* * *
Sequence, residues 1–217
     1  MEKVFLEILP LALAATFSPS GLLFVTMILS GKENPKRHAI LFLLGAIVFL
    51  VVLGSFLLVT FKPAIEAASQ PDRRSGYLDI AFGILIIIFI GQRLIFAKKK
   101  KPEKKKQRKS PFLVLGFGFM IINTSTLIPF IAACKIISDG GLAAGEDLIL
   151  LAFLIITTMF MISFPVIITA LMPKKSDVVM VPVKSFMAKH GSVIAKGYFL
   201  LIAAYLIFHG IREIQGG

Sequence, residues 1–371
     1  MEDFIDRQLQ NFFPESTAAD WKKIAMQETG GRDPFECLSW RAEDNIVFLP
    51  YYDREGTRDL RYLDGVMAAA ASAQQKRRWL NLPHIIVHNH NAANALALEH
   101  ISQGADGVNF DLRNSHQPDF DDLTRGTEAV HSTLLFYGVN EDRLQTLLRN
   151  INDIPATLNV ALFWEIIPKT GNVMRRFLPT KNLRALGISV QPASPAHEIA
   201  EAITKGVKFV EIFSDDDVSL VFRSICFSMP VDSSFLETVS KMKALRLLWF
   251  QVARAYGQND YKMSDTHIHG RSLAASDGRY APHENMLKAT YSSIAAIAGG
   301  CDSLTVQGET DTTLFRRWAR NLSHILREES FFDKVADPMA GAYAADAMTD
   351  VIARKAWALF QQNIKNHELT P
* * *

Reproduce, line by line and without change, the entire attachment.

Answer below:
Sequence, residues 1–217
     1  MEKVFLEILP LALAATFSPS GLLFVTMILS GKENPKRHAI LFLLGAIVFL
    51  VVLGSFLLVT FKPAIEAASQ PDRRSGYLDI AFGILIIIFI GQRLIFAKKK
   101  KPEKKKQRKS PFLVLGFGFM IINTSTLIPF IAACKIISDG GLAAGEDLIL
   151  LAFLIITTMF MISFPVIITA LMPKKSDVVM VPVKSFMAKH GSVIAKGYFL
   201  LIAAYLIFHG IREIQGG

Sequence, residues 1–371
     1  MEDFIDRQLQ NFFPESTAAD WKKIAMQETG GRDPFECLSW RAEDNIVFLP
    51  YYDREGTRDL RYLDGVMAAA ASAQQKRRWL NLPHIIVHNH NAANALALEH
   101  ISQGADGVNF DLRNSHQPDF DDLTRGTEAV HSTLLFYGVN EDRLQTLLRN
   151  INDIPATLNV ALFWEIIPKT GNVMRRFLPT KNLRALGISV QPASPAHEIA
   201  EAITKGVKFV EIFSDDDVSL VFRSICFSMP VDSSFLETVS KMKALRLLWF
   251  QVARAYGQND YKMSDTHIHG RSLAASDGRY APHENMLKAT YSSIAAIAGG
   301  CDSLTVQGET DTTLFRRWAR NLSHILREES FFDKVADPMA GAYAADAMTD
   351  VIARKAWALF QQNIKNHELT P